7

Is there any reason why Cisco show run does not show the full version which is 16.3.7 in this example?

IOSSW#show running-config | include ersion
version 16.3

while show version does?

IOSSW#show version
...
Switch Ports Model              SW Version        SW Image              Mode
------ ----- -----              ----------        ----------            ----
*    1 56    WS-C3850-48T       16.3.7            CAT3K_CAA-UNIVERSALK9 BUNDLE
...
IOSSW#
13

Is there any reason why Cisco show run does not show the full version which is 16.3.7 in this example?

For the simple reason that the only the major and minor versions are necessary for a complete understanding of the configuration. While there may be feature changes and/or enhancements between 16.2 and 16.3, changes in the build/revision should not impact the configuration in any way.

Stated another way, the difference from 16.3.6 to 16.3.7 may include fixes to caveats (bugs, flaws, and vulnerabilities), but this should not in any way impact what the configuration actually means to the device.

So when you do a show running-config it is helpful to know the major and minor versions to understand the configuration. However if you need the full version, you should use the show version command.

6

To put it in other words...

The running-config has a version listed because that's the version of IOS that was used to create/write that config most recently. Every statement in that config should work with any 16.3.anything version of IOS.

Your show version is showing the exact version running on that hardware. Since 16.3.7 matches, you can be confident all the config statements are loading and working as you expect.


Now hypothetically if you ended up running version 17.0.0 or 16.4.0, there is a non-zero chance that some configuration directives have changed, either completely or perhaps have subtle differences in parameters.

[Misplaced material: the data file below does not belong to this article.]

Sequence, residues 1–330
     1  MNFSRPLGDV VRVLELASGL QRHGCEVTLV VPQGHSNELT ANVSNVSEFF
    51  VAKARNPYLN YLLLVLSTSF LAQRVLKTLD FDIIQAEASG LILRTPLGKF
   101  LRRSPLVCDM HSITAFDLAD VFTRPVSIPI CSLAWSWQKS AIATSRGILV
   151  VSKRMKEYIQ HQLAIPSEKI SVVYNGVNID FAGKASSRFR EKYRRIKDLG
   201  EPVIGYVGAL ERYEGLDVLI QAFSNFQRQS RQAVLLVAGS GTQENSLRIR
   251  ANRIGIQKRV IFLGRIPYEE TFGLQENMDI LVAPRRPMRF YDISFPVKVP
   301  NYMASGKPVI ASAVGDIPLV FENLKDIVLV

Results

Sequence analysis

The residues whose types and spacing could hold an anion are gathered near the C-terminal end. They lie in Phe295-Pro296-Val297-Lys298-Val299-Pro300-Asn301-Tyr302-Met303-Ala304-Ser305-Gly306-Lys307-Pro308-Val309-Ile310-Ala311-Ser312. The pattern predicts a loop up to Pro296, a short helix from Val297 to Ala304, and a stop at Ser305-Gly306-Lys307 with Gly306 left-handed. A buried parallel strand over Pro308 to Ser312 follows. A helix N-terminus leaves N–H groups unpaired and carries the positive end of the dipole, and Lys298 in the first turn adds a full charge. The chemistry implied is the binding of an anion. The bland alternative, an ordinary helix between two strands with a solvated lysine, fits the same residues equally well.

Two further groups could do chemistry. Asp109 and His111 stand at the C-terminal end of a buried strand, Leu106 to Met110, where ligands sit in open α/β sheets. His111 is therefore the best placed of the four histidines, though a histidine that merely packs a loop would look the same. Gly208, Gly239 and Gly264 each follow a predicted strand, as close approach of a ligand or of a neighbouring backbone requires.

The first wr mem will update the version in the saved config, but it may drop some items that weren't recognised by the new version.

Most of the time this Just Works, but there's always a gotcha fishhook, which is why we all have test labs that replicate production hardware and versions... (cough)

6

I would have said the numbers represent different things:

  • show version says "I am running this version", and of necessity has much detail
  • version output in show conf says "This configuration will run on this version"

If you copy the config somewhere, it still says "This configuration runs on this version"

For analogy:

  • "How old are you?" -- "I am 23 and 3 months and 2 days"
  • "What are the voting laws in the UK?" | include age -- "You must be 18 to vote in the UK"
  • 1
    That is an excellent example and describes the difference nicely. I'm stealing that btw. – Criggie Apr 24 at 22:16
  • I like the analogy ... Btw, the community here is very good and supportive. Can't decide which answers are the best, as all of them are. – user11392987 Apr 25 at 2:02
3

You are comparing apples and oranges. The show running-config command gives you a simplified version number that the beginning, but it is designed to show you the configuration, not the full version:

Current configuration : 15095 bytes
!
version 15.5

The show version command gives you more information about the versions in the device, but nothing about the configuration.

The two commands are simply aimed at different information. If you have a problem with that, you must take it up with Cisco. There is nothing we can do about it here.

3

Cisco IOS stores its configuration in a text file (except security information since version 12 (IIRC)). On booting (or after a config memory command), the configuration file is read and interpreted.

A version string is written in the configuration file so the boot loader can decide whether it is likely to understand the file or not. As far as I can remember, a warning is written to the console in the case of a version mismatch, but the router or switch continues to boot. It is neither necessary nor useful to have the complete version string in the file (and a configuration will load without any version string).

As one can copy config files from external storage directly to flash memory, or even boot an IOS device from a configuration stored remotely, it's useful to those who manage config files to have the version string at the start of the file.

show running-config displays in text the currently-running configuration, so it will generate the version string from the currently-running IOS as it would be written if one saved the configuration.

show version reports the version string embedded in the running IOS image, which is quite another thing. In this case, one is usually interested in the full details.

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